How Much of My IRA Should I Have in Stocks?
In years gone by, an individual simply subtracted his age from 100 to find the percentage of stocks to hold in his portfolio. It was an answer easily digested by someone in, or near retirement, and an answer that worked fairly well. But a lot has changed and easy answers aren’t always the right answer.
What changed? Today’s investors face an entirely different landscape as they approach their non-working stage of life: traditional pensions are no longer a common source of steady income, interest rates have fallen from double-digits in 1980 to historic lows, today, and stock market events, such as the Tech Bubble and the Financial Crisis have left a generation fearful for the next event. Yet, what hasn’t changed, is a retirees’s need to generate income, today, while battling inflation, tomorrow.
Redefining Risk During a working career, the focus is on building a retirement nest egg. The question is “Will I have enough?” When the paychecks were still coming, investment risk was framed as the ability to tolerate portfolio ups and downs – some individuals could tolerate a little risk, while others could tolerate a lot. But in retirement, the focus is on depleting, not building, that nest egg, and the question shifts to “Will my money last?” Risk tolerance suddenly flips to risk avoidance. What many fail to acknowledge is that risk is multifaceted, encompassing market risk, interest rate risk, and inflation risk. Risks can never be avoided, they must always be managed. The main purpose of investing in stocks (market risk) is to grow today’s portfolio to battle higher prices (inflation risk) tomorrow. Traditional income sources, such as bonds, expose investors to all three risks, listed above.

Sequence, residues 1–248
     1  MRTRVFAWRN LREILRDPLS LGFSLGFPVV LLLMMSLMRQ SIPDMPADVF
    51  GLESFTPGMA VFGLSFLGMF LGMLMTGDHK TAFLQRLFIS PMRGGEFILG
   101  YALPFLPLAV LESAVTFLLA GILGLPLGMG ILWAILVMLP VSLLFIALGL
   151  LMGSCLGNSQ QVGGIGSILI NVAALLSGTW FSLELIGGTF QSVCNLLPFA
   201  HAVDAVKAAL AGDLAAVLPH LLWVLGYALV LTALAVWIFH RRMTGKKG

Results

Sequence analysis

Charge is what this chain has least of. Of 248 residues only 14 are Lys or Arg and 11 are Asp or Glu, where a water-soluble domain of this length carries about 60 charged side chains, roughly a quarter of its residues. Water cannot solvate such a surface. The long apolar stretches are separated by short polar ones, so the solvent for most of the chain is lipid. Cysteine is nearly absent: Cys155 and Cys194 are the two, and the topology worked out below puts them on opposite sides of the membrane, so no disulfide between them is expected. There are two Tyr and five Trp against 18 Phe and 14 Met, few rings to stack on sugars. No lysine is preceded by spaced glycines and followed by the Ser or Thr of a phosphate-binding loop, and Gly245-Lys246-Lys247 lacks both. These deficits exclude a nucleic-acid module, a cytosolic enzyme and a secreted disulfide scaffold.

Don’t focus on Asset Allocation Investors in retirement need to reframe their idea of Asset Allocation, and think instead about Income Allocation. The first question can’t be “How much do I allocate to stocks?” The first (and two-part) question needs to be “How much income do I need, and from where will it come?” While asset allocation is about the mix of stocks and bonds, income allocation is about Social Security, pensions, part-time work, dividends and investment withdrawals. If your income allocation is sufficient to ensure a lifetime of inflation-adjusted income, it almost doesn’t matter how much you allocate to stocks. So, how much of your IRA should you allocate to stocks? There is no simple answer. The answer depends on the income you need, the risk you can tolerate, and the legacy you want to leave behind.